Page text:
Charles Dickens

It is a children's school, which is at the same time no less a children's home, a home not to be confided to the care of cold or ignorant strangers, nor, by the nature of its foundation, in the course of ages to pass into hands that have as much natural right to deal with it as with the peaks of the highest mountains or with the depths of the sea, but to be from generation to generation administered by men living in precisely such homes as those poor children have lost; by men always bent upon making that replacement, such a home as their own dear children might find a happy refuge in if they themselves were taken early away. And I fearlessly ask you, is this a design which has any claim to your sympathy? Is this a sort of school which is deserving of your support?

This is the design, this is the school, whose strong and simple claim I have to lay before you to-night. I must particularly entreat you not to suppose that my fancy and unfortunate habit of fiction has anything to do with the picture I have just presented to you. It is sober matter of fact. The Warehousemen and Clerks' Schools, established for the maintaining, clothing, and educating of the Orphan and Necessitous Children of those employed in the wholesale trades and manufactures of the United Kingdom, are, in fact, what I have just described. These schools for both sexes were originated only four years ago. In the first six weeks of the undertaking the young men of themselves and quite unaided, subscribed the large sum of 3,000 pounds. The schools have been opened only three years, they have now on their foundation thirty- nine children, and in a few days they will have six more, making a total of forty-five. They have been most munificently assisted by the heads of great mercantile houses, numerously represented, I am happy to say, around me, and they have a funded capital of almost 14,000 pounds. This is wonderful progress, but the aim must still be upwards, the motto always "Excelsior." You do not need to be told that five-and-forty children can form but a very small proportion of the Orphan and Necessitous Children of those who have been entrusted with the wholesale trades and manufactures of the United Kingdom: you do not require to be informed that the house at New-cross, rented for a small term of years, in which the schools are at present established, can afford but most imperfect accommodation for such a breadth of design. To carry this good work through the two remaining degrees of better and best there must be more work, more co-operation, more friends, more money. Then be the friends and give the money. Before I conclude, there is one other feature in these schools which I would commend to your special attention and approval. Their benefits are reserved for the children of subscribers; that is to say, it is an essential principle of the institution that it must help those whose parents have helped them, and that the unfortunate children whose father has been so lax, or so criminal, as to withhold a subscription so exceedingly small that when divided by weeks it amounts to only threepence weekly, cannot, in justice, be allowed to jostle out and shoulder away the happier children, whose father has had that little forethought, or done that little kindness which was requisite to secure for them the benefits of the institution. I really cannot believe that there will long be any such defaulting parents. I cannot believe that any of the intelligent young men who are engaged in the wholesale houses will long neglect this obvious, this easy duty. If they suppose that the objects of their love, born or unborn, will never want the benefits of the charity, that may be a fatal and blind mistake--it can never be an excuse, for, supposing them to be right in their anticipation, they should do what is asked for the sake of their friends and comrades around them, assured that they will be the happier and the better for the deed.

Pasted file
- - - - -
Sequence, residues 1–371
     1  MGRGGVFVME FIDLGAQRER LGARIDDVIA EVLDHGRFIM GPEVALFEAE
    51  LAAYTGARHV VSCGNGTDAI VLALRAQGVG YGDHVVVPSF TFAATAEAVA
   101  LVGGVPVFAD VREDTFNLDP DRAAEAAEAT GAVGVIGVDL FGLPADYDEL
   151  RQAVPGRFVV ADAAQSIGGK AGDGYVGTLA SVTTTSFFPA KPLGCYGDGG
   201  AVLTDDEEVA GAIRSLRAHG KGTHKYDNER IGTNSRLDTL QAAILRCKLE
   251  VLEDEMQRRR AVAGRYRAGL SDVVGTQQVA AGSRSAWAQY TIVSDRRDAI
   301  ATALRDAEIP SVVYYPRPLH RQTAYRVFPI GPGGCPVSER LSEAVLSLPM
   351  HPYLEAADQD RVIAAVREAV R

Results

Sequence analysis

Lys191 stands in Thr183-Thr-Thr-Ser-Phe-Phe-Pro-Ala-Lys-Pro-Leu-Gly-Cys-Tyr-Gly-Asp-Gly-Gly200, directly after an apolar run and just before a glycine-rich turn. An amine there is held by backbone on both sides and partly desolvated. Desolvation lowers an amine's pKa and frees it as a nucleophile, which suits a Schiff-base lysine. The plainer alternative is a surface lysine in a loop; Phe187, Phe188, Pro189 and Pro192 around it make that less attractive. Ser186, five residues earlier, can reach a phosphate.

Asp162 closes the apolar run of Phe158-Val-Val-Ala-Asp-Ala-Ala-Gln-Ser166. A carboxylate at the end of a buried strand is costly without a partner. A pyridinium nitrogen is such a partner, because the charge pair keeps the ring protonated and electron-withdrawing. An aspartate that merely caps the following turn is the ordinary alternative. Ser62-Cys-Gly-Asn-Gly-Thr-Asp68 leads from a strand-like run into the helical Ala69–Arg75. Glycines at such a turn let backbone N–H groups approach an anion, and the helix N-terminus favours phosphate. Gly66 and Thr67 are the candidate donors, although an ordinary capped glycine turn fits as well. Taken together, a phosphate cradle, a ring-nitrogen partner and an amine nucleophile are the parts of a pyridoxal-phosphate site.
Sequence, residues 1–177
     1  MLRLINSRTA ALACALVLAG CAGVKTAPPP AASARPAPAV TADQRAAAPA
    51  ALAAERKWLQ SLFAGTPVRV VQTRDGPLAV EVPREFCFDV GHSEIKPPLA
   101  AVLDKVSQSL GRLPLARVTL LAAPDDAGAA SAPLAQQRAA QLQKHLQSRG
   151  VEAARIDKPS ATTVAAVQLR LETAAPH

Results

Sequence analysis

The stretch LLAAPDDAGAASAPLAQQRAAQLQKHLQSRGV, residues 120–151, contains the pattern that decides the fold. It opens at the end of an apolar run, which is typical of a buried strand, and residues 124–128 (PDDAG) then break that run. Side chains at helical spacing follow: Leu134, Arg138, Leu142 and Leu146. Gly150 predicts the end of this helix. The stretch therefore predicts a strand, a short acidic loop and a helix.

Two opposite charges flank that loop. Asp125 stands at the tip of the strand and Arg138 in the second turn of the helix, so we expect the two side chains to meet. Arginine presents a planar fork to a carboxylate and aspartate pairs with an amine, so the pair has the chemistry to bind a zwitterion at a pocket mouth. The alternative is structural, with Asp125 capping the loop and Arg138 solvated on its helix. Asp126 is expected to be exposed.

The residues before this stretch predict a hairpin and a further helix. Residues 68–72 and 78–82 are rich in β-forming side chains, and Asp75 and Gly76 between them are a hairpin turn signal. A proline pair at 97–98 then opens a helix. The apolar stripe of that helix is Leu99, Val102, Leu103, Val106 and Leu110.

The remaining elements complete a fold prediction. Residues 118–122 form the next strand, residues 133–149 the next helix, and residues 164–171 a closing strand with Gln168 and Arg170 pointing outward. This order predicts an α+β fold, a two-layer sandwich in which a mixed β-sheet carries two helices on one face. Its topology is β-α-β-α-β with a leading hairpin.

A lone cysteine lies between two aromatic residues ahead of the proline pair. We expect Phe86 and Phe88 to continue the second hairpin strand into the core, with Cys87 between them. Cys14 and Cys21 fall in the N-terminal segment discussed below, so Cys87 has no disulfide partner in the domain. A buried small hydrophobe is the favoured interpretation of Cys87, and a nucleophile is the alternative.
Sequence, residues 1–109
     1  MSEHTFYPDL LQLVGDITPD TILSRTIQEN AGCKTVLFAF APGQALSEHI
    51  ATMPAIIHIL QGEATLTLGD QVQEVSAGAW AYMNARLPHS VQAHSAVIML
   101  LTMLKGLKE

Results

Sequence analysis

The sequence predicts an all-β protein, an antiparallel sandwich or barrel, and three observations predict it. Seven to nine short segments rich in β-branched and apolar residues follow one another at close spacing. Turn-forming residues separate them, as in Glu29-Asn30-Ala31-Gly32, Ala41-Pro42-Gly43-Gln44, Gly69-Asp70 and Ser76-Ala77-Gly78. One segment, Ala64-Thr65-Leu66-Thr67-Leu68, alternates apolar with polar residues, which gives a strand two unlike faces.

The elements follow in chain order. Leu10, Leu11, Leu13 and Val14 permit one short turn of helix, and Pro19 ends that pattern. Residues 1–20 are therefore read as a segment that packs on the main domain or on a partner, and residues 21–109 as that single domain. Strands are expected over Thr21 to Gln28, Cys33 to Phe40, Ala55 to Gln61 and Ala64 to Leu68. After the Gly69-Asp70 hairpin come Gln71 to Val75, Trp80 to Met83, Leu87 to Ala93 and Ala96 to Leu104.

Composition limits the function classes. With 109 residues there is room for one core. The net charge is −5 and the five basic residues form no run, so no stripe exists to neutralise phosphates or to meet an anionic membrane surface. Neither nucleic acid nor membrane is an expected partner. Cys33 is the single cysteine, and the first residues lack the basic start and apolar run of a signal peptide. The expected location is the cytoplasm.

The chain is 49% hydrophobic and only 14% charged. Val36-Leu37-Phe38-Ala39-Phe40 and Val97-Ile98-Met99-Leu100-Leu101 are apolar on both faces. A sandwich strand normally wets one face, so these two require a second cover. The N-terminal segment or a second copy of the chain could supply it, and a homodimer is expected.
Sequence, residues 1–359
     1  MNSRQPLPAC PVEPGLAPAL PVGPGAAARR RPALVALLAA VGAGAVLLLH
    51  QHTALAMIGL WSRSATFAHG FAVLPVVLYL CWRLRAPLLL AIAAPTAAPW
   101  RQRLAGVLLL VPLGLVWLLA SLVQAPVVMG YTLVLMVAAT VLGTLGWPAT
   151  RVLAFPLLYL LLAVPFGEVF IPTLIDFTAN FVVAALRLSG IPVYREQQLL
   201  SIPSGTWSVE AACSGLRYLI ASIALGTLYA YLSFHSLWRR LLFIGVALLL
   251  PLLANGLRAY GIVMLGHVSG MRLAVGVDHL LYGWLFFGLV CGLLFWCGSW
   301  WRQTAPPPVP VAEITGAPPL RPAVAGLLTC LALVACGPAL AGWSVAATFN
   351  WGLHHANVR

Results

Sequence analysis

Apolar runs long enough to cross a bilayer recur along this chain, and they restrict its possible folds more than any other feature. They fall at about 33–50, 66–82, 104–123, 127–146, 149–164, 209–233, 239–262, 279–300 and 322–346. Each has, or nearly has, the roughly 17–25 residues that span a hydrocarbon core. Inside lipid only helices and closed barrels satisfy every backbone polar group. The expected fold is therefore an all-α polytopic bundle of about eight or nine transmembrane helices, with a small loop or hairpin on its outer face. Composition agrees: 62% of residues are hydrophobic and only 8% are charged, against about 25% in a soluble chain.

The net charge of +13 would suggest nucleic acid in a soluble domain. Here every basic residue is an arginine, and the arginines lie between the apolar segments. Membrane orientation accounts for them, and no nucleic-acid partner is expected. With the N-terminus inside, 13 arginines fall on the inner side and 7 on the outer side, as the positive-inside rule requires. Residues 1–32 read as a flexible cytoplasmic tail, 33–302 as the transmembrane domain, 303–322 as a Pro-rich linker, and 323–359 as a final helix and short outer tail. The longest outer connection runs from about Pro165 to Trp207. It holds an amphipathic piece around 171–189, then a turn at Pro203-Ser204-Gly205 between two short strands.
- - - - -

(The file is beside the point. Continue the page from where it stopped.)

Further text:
Ladies and gentlemen, this little "labour of love" of mine is now done.